Love is often viewed as an incidental to life once adulthood kicks in, something we don’t really need to survive, a luxury, a whim but in a world where love is more than just an aspiration, is this wise?

It may well be that what we call love is nothing more than a series of chemical reactions but they are reactions which make the world a special place and a world that understands the power of love is a world in which survival actually acquires meaning. And whether that meaning holds the secret to life really doesn’t matter – what matters is that affection is a conduit for the best the human condition has to offer.

So it dawned on us whilst we were reading the tweets from a foster carers agency, called Foster Care Agent, that one of the big problems in the family sector and the family justice system, was the weight given to love as against the weight given to wonga. This agency even offer holidays as part of their promise to potential foster carers who ‘transfer’ over to them, and the assurance that they will “act on the foster carer’s behalf…. negotiating, in complete confidence, with the agency to get the best support package for the foster carer”. And although we could be wrong, we could find no mention of the word love on their website.

Now, we are not naive, we understand what makes the world go round (pralines make the world go round, everyone knows that), but in the family justice system, not to talk about love or even contemplate its value in getting the job done right, is, to our mind, a serious oversight. And it’s costing lives as well as eroding competence.

Of course, not every problem in the family justice system is about love – it’s also about quality of care, training, knowledge and creativity, but love is the best place to start and coupled with a passion for children, would go a long way to making the system healthy and responsive.

But what do tweets from a foster care agency have to do with love? Well, actually, everything.

We have been watching this agency tweet for some time. Their typical tweets will read:

  • #FOSTER CARERS NEEDED! EARN £400 #jobs PER WEEK PER CHILD. Consider doing the most rewarding of #jobs Pls RT” or;
  •  “All good people of #[COUNTY] we need #foster carers- £400 #jobs PW tax free, all training given. Free advice PLS RT!!” And to be fair to this agency, they will, very occasionally, tweet something like this;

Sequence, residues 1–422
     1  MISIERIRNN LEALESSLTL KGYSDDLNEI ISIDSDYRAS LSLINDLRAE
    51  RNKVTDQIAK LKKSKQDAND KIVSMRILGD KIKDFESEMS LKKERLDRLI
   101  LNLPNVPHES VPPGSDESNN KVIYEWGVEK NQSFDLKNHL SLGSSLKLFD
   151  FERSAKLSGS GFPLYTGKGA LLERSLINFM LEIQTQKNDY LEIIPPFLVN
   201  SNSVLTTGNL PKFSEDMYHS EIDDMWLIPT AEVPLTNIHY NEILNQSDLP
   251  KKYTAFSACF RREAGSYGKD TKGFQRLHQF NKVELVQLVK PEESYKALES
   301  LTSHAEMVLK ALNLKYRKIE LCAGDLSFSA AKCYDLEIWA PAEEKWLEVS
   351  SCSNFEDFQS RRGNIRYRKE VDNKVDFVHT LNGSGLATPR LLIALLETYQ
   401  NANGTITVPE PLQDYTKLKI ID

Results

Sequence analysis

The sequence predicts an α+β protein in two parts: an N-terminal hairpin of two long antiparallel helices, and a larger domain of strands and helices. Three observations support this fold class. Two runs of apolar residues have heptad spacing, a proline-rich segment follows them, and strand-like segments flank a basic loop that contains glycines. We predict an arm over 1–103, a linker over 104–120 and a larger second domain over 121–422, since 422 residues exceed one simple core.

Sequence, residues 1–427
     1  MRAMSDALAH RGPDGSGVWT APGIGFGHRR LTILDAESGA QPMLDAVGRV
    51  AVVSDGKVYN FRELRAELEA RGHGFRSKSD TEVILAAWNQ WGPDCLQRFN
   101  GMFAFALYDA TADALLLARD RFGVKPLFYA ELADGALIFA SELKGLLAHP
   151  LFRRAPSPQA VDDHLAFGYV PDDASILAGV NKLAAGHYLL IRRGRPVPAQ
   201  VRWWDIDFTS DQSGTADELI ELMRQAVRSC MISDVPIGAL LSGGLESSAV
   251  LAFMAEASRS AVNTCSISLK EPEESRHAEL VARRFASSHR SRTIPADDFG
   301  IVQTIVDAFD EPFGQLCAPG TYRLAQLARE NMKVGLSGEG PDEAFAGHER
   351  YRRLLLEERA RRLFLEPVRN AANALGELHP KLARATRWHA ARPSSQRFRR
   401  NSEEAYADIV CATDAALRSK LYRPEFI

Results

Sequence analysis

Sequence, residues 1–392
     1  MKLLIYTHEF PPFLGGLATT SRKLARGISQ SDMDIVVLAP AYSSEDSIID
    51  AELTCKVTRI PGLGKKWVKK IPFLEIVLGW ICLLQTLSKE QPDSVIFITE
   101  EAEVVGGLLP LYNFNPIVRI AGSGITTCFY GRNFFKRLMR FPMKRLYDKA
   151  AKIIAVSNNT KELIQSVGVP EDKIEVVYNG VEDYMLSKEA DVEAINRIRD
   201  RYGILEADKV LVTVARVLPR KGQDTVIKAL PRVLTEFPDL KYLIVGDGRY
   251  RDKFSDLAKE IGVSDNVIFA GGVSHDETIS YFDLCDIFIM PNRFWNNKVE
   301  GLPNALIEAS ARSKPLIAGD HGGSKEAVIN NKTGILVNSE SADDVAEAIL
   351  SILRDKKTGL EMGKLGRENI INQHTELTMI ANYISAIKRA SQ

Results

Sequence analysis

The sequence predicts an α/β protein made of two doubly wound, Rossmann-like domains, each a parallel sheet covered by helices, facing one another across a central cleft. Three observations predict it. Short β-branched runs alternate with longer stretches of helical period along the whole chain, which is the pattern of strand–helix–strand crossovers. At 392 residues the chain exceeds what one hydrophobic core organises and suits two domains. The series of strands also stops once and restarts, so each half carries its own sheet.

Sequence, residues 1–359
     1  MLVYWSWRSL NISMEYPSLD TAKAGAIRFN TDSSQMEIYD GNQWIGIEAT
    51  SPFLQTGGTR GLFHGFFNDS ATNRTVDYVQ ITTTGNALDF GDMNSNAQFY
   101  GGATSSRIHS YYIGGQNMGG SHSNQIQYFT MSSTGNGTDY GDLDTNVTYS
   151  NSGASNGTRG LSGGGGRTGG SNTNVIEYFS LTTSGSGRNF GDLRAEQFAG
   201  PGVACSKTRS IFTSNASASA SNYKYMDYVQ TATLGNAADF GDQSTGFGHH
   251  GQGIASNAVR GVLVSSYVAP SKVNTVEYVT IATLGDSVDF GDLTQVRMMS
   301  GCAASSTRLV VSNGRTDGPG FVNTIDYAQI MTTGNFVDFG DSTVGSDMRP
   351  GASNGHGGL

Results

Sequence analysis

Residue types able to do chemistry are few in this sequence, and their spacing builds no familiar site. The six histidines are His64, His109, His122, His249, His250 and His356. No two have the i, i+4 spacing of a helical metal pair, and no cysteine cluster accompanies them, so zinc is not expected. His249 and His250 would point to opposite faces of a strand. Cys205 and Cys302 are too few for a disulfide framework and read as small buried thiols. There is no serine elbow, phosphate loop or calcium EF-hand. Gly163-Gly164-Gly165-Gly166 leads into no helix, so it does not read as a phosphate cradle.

•  “We are always looking for more #foster carers to provide safe, loving and supportive homes to children of all ages.”

And so it struck us, that the message they were really sending out was at best a corporate one and at worst, an invitation which would encourage families with the wrong sets of priorities to come forward.

We have met several carers. Some are absolutely amazing. We remember one lady who took care of and loved a little girl who had had a very hard time growing up and now this little girl has grown into a kind and truly accomplished young woman – she is now studying for a degree at Cambridge University. All that love and affection provided by the carer almost certainly had a very large part to play in providing this young woman with the confidence and self esteem she now has to go into the world and make her way. But not all carers are so loving. We have come across carers who ‘care’ purely for the money and the things we see and hear are awful. Children who are not listened to, shouted at, made to feel second best, beaten, the list goes on. So, is the search for foster carers using sterling as bait really a clever option?

We asked Foster Care Agent what they thought, in a series of tweets:

Foster Care Agent: All good people of #Bucks we need #foster carers- £400 #jobs PW tax free, all training given. Free advice PLS RT!!

Researching Reform:@FindFosterCarer May I ask why you always tweet about the money you’re going to pay and not the need for loving families to come forward?

Foster Care Agent:@SobukiRa we tweet both, but the reality is ££ grab people’s attention, just as it has yours

Researching Reform:@FindFosterCarer Sure, but not in a good way. Grabbing peoples’ attention with cash, encourages people with the wrong priorities to foster.

Researching Reform:@FindFosterCarer And I don’t think I’ve ever seen you tweet anything like “Loving, kid crazy families needed to care for children”.

It takes this agency a while to respond to our tweets (the first response we got came a day after we tweeted them), so at the moment we have no further replies from them to add, but we will add them in due course, should they respond.

We do find it shocking that the money being offered to care for kids is what drives the marketing and the advertising, but then again the agency is clearly working to a corporate model and as such in and of itself that makes sense. But is this really appropriate and are they simply encouraging people to come forward, regardless of their intentions? Given the way the system operates, this kind of brazen ‘Here’s the cash! Come get it!” attitude is so ingrained that no-one thinks twice about offering ‘earnings tax free’ as an incentive to take care of children. And this is what bothers us, because, ultimately, it does not serve the best interests of any child.

We have no doubt that the good people at Foster Care Agent mean well, but this small corner of the family sector is just a metaphor for a more global problem inside the system: that of failing to make the welfare of each and every child paramount. And with ‘agencies’ dedicated to getting ‘the best deal’ for carers, it does seem as if something’s gone terribly wrong.

In a world where no-one thinks twice about a tweet which suggests one can foster-kids-for-cash, are we really acknowledging the reality or are we simply ignoring the truth?